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  • Love them. Use them in my games.

    51 67.11%
  • Use the Critical hits, not the critical failures.

    14 18.42%
  • Use the Critical failures, but not the critical hits.

    0 0%
  • Use them with the baddies only

    2 2.63%
  • Use them with the party only

    3 3.95%
  • Dont believe in them. Just slows the game down.

    3 3.95%
  • Dont believe in them. Makes things unfair and unbalanced.

    1 1.32%
  • Got a great story to share... see my thread, found below.

    3 3.95%
  • Other

    4 5.26%
  • I'm on the fence with the idea. Let me go read the threads.

    6 7.89%
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Thread: Critical Hit & Critical failures... Do you use them in your games?

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  1. #1
    Arch Lich Thoth-Amon is offline Cursed by the Gods
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    Thumbs up Critical Hit & Critical failures... Do you use them in your games?

    Since the 1970's, I've used critical hit and failures tables in all of my games with great enjoyment. There are even plenty to be found online with a simple search, or one could just create their own. Of course, to make it work, imo, the baddies must also follow the critical hit and failure tables in each game. If you gotta have balance, then this is the way to go. To me, it just brings more enjoyment to the game.

    What say the rest of you? Please recount any stories you may have regarding these tables.

    What share you?

    Thoth-Amon
    Last edited by Arch Lich Thoth-Amon; 04-30-2009 at 02:31 PM.
    Thoth-Amon, Lord of the Underworld and the Undead
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    I used them one time in my 1st AD&D campaign and end up with party members with eyes, nose, hands, and legs missing ran that game five years.
    "Hey wich one of you punks stole Dr.Rockso's banana?"

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    Anything that requires special tables, imo, slows down play, especially if it happens too rarely to keep the results in memory. Then again, I don't feel a "natural" anything should warrant special rules, heh, but that's most likely a wholly separate discussion. There's enough interesting things happening without worrying about whether or not the hero fumbles the sword, or the monster plays Operation blindfolded.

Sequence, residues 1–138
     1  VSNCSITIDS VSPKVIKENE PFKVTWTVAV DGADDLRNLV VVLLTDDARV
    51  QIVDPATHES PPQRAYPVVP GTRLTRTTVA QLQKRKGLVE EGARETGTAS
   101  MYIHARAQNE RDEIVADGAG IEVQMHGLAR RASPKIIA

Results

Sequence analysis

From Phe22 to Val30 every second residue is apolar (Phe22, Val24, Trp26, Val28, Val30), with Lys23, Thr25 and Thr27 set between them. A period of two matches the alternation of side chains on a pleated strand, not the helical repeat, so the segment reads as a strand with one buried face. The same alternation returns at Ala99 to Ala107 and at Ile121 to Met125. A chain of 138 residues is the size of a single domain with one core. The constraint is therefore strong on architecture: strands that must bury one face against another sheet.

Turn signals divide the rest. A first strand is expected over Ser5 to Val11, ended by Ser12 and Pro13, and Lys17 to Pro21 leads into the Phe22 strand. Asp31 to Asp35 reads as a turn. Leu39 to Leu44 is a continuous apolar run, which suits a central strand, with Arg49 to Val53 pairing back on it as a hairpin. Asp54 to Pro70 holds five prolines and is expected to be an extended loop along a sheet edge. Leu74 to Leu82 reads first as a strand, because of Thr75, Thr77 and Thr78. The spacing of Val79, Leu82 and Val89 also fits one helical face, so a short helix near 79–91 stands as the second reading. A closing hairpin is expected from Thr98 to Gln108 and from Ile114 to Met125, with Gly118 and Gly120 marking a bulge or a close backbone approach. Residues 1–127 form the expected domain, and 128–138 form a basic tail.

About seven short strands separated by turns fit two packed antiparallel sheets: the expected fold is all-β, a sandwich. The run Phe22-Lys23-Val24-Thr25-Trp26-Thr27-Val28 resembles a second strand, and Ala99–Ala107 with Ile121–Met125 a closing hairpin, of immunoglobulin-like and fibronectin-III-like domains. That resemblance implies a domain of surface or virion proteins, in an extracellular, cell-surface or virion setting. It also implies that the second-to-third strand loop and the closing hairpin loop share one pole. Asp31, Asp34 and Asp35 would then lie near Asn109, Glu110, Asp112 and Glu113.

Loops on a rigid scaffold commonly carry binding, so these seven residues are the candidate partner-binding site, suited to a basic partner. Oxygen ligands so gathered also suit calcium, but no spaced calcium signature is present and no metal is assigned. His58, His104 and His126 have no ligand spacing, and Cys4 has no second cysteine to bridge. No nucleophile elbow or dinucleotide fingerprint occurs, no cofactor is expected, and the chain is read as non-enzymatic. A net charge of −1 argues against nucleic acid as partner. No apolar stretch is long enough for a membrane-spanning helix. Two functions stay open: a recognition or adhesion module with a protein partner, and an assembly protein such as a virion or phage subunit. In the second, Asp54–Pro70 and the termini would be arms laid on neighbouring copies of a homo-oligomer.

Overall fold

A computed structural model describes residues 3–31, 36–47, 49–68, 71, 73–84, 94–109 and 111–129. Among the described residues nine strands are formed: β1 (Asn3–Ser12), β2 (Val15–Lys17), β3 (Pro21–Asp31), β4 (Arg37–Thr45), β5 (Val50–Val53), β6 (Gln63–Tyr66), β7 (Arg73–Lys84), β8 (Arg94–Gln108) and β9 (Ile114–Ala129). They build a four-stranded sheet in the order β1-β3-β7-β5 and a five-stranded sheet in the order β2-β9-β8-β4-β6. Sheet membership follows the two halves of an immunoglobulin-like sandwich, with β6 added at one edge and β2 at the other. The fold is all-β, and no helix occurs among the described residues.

In the DnD game I'm playing in, a '1' on the attack roll calls for a reflex save (which, at this point, has us rolling a '1' to fail); failure on *that* roll calls for yet another roll on a table, which can have a result of "roll again" or "nothing happens." Way too many rolls and lookups slowing up the action. In the time I've been playing with them, it's happened in all of one session since September of last year. Not frequent enough to warrant tracking, if I ran things; the DM obviously thinks otherwise :P

  4. #4
    Arch Lich Thoth-Amon is offline Cursed by the Gods
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    Thumbs up

    This particular game, see below, went on for a few years too.

    I had a fighter, 12th level, that lost an arm in combat. He was one of my favorite characters of all time. Even after losing his arm, at around 6th level, he still made due, retired years later as a captain of a small keep.

    If you were to ask him if it was worth it, he would have say... yes! He had a successful life, after all. He saved alot of people from baddies, became kind of a hero to a small town, ended up retired with a wife and kid.

    Why didn't i play him further? I would have but my brother and i moved across country, so i retired him.
    Last edited by Arch Lich Thoth-Amon; 04-30-2009 at 03:49 PM.
    Thoth-Amon, Lord of the Underworld and the Undead
    Once you know what the magician knows, it's not magick. It's a 'tool of Creation'. -Archmagus H.H.
    The first step to expanding your reality is to discard the tendency to exclude things from possibility. - Meridjet

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    I like them, because it adds a bit of flavor to the game. I don't have limbs being lost or anything of that sort, (unless it is a killing blow), and my table is simple enough that I keep it in my head.

    I remember rolemaster had some crazy complicated tables for this sort of thing though.
    "I'm not going crazy. I'm going sane in a CRAZY world!"

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    When I'm GMing, I always use critical hit and failure rules. But here's my system.

    Critical threats are followed by critical confirmation as normal.

    Critical failures are followed by failure confirmation, wherin the player who rolled the natural one has a second chance to hit the target score. If he does, the initial role is treated as a simple one, and if a one+bonuses would still succeed, he still succeeds, otherwise if the faliure confirmation saves them but 1+bonuses won't succeed, its a normal miss.